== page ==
Community work is defined in s 36 and includes work done ‘for the purpose of promoting the common interests of the community generally or of a particular section of the community’.  I would have no doubt that the work of the Committee is ‘community work’.

If that is the case, then the Wrongs Act provides the necessary legal protection.  The Act goes on to say (s 37(2)) ‘Any liability resulting from an act or omission that would but for subsection (1) attach to the volunteer attaches instead to the community organisation’ which can include a council (s 34).  So if there is any liability, it belongs to the council that established the committee.

It should be noted that volunteer members of the emergency services (the Country Fire Authority, Victoria SES and a ‘volunteer emergency worker within the meaning of the Emergency Management Act 1986’) are not ‘volunteers’ for the purposes of the Wrongs Act.  This ensures that their legal protection is provided by the emergency services legislation and avoids confusing arguments about whether the scope of one protection is different to the other.  So a member of the community resilience committee, if they have legal protection, have it from EITHER the Wrongs Act or the Emergency Management Act – but they can’t rely on both.  In my view they are not a ‘volunteer emergency worker within the meaning of the Emergency Management Act 1986’ so their legal protection is provided by the Wrongs Act 1958 (Vic).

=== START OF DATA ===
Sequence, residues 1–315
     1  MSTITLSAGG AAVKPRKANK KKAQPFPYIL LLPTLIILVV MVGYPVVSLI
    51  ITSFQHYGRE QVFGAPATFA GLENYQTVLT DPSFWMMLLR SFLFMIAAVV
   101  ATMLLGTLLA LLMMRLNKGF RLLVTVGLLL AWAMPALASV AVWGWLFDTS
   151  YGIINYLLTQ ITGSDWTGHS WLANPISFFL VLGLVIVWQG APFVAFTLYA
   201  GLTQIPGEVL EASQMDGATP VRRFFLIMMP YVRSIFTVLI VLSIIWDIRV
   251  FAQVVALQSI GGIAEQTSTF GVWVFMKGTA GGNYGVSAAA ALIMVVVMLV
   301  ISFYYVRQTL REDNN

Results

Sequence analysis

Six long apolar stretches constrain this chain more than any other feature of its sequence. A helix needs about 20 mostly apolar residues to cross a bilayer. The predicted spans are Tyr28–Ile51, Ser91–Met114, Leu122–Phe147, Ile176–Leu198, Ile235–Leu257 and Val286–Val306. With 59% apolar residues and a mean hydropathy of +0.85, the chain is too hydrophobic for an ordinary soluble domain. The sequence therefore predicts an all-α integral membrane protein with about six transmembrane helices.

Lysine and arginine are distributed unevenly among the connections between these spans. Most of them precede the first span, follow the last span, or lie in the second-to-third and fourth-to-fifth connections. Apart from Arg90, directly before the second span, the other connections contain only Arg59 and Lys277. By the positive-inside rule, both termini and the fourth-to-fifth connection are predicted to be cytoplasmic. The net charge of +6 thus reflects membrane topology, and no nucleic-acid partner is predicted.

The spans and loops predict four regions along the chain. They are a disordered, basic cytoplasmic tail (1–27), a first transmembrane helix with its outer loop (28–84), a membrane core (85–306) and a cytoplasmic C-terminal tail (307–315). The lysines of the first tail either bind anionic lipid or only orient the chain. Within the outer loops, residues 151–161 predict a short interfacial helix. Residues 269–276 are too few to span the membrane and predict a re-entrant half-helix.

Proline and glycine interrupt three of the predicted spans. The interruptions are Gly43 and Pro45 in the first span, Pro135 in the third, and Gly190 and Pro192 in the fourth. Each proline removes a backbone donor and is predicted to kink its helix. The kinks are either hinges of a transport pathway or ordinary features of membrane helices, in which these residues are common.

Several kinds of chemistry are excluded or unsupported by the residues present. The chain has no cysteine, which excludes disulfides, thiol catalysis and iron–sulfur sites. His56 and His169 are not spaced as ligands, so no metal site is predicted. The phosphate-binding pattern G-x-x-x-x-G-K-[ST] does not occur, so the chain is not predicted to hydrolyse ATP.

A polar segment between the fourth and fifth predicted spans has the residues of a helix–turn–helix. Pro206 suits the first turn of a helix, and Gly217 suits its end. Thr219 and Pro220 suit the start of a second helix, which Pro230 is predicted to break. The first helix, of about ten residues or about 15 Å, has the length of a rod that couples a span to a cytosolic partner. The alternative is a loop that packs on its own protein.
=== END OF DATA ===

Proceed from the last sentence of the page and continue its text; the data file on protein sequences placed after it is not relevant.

Conclusion

I just can’t imagine any scenario, fraud and malice excepted, where liability could be an issue.  In my view, if such a situation could be thought of, the members of the committee would enjoy the legal protection provided by the Wrongs Act 1958 (Vic).  In my opinion they are not volunteer emergency workers within the meaning of the Emergency Management Act 1986 (Vic) so the liability protection provision in that Act (s 37) will have no application.

There is of course no way that any of these can be ‘formally confirmed’.  Even if a minister or the Crown Solicitor gave an opinion that either the Wrongs Act or the Emergency Management Act applied, or didn’t apply, that is just an opinion.  Resolution of the question would require someone to sue and an argument in court, and a formal ruling from a judge.  It is the courts that determine questions of law.  Given I can’t see any situation where the members will be sued, I expect this will remain, forever a question of hypothetical interest only.